Here we do see the Black Friday effect. Sales in October are down from 8.5% of the total in 1992, to 8.1% in 2014. November has increased slightly, and December has dropped.

But is this because people are spending more in November, or are the sales just shifted from one month to another? One way we can look at that is to compare the increase in revenue per month, between 1992 and 2014. If Black Friday worked, we would see a higher increase in spending in November than for the rest of the year.

So, here is that graph.

People are, in 2014, spending 1.54x as much on TV, phones, computer and gaming consoles etc. than what they spent in 1992. This, of course, shouldn't come as a surprise to anyone. I'm actually surprised that the number isn't any higher.

And yes, November is one of the months that have increased the most. But, it hasn't increased that much higher than, say, August. In fact, March and November have experienced the same increase in sales.

It doesn't really look that good for this whole Black Friday craziness. To me it looks like this whole phenomenon is just a loss.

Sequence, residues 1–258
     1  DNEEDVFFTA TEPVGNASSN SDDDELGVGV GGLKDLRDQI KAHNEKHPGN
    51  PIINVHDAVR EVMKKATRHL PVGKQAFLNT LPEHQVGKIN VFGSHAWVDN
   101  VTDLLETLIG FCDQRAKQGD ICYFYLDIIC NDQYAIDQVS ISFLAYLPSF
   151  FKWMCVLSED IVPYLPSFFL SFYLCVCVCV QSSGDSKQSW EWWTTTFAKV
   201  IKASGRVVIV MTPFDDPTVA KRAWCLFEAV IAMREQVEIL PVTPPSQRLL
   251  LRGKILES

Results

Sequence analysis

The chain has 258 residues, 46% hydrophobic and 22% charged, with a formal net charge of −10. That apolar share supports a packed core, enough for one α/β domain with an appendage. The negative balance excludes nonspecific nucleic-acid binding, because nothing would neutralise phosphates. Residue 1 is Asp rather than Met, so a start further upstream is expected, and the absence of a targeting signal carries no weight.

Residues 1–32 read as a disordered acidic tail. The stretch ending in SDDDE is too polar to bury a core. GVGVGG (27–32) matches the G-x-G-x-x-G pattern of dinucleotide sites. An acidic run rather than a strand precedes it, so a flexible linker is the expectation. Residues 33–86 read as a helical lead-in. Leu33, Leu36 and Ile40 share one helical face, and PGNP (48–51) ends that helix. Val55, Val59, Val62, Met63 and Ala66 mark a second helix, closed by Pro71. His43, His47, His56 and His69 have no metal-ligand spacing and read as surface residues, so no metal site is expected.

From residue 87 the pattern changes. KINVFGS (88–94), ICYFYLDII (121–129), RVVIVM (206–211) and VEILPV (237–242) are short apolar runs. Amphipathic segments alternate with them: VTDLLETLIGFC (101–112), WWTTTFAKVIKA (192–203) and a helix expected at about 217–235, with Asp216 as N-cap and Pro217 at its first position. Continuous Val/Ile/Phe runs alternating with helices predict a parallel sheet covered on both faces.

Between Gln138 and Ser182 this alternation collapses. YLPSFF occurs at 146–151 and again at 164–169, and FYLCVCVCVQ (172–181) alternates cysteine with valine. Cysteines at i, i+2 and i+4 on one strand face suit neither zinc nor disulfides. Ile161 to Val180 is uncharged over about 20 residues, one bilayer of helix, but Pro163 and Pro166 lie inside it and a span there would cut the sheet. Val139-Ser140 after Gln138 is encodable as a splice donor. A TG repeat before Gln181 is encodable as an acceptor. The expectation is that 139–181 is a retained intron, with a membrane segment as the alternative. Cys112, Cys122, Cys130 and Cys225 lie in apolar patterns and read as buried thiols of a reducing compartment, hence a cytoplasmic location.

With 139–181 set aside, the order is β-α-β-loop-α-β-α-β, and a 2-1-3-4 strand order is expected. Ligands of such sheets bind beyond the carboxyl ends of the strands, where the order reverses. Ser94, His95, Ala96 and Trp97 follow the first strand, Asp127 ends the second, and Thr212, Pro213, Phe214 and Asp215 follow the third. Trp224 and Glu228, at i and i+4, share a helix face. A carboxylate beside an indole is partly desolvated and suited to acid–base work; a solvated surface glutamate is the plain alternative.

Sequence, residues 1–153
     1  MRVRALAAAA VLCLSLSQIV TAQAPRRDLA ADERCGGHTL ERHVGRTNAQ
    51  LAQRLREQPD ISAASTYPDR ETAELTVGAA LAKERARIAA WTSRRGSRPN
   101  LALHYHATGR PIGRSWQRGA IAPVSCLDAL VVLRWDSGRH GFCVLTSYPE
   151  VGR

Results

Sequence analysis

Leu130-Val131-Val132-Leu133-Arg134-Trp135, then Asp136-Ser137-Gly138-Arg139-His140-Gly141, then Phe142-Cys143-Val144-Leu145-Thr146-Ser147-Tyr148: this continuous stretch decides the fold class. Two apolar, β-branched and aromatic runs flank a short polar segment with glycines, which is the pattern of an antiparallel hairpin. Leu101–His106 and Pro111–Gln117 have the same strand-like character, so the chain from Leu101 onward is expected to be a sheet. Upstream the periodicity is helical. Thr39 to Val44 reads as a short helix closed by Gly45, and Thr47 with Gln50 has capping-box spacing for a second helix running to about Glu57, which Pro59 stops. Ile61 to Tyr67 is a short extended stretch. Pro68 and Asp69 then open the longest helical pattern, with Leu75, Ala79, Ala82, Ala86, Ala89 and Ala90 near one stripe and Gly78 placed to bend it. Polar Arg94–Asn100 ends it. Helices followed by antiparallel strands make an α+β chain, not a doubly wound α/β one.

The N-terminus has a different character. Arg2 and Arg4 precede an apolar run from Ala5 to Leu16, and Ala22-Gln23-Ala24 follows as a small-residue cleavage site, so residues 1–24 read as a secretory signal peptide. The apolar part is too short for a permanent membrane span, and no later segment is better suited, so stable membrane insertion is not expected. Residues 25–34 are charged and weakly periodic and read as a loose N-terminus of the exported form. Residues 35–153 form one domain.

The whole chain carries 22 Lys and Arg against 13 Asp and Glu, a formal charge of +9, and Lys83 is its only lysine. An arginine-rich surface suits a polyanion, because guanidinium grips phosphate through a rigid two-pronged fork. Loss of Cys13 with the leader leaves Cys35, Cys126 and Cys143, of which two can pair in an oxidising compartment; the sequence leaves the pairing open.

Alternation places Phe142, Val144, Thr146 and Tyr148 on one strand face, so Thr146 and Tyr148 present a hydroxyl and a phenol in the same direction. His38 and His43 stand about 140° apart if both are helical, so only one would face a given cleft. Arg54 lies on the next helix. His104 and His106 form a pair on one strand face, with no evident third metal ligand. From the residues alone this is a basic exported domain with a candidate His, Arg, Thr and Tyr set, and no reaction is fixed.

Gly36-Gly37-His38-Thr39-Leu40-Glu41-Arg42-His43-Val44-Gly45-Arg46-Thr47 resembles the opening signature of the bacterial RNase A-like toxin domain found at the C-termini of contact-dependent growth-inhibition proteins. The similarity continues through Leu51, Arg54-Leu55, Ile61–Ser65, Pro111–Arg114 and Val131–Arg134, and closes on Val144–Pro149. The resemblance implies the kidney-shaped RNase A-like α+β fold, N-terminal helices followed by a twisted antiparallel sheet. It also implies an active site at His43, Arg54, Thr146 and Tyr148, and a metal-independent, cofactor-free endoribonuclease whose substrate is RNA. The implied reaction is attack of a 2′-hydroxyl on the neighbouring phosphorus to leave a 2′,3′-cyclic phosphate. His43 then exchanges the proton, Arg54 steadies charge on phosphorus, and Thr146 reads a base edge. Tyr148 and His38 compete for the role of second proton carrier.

Mind you, I'm not suggesting you shouldn't do Black Friday deals. We kind of have to because everyone is doing it. If you don't do it, then people will just go to your competitors instead.

But I would be very particular about which products I offered. I wouldn't think of Black Friday as a day of sales. Because without profit, it isn't. I would see it as a day of marketing. Which means that I would focus on deals that guaranteed that people would come back later for more.

It's basically just a loss when a store sells XBOX Ones with a huge discount, unless they also plan to sell tons of games and accessories to the same person later

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Thomas Baekdal

Thomas Baekdal

Founder of Baekdal, author, writer, strategic consultant, and new media advocate.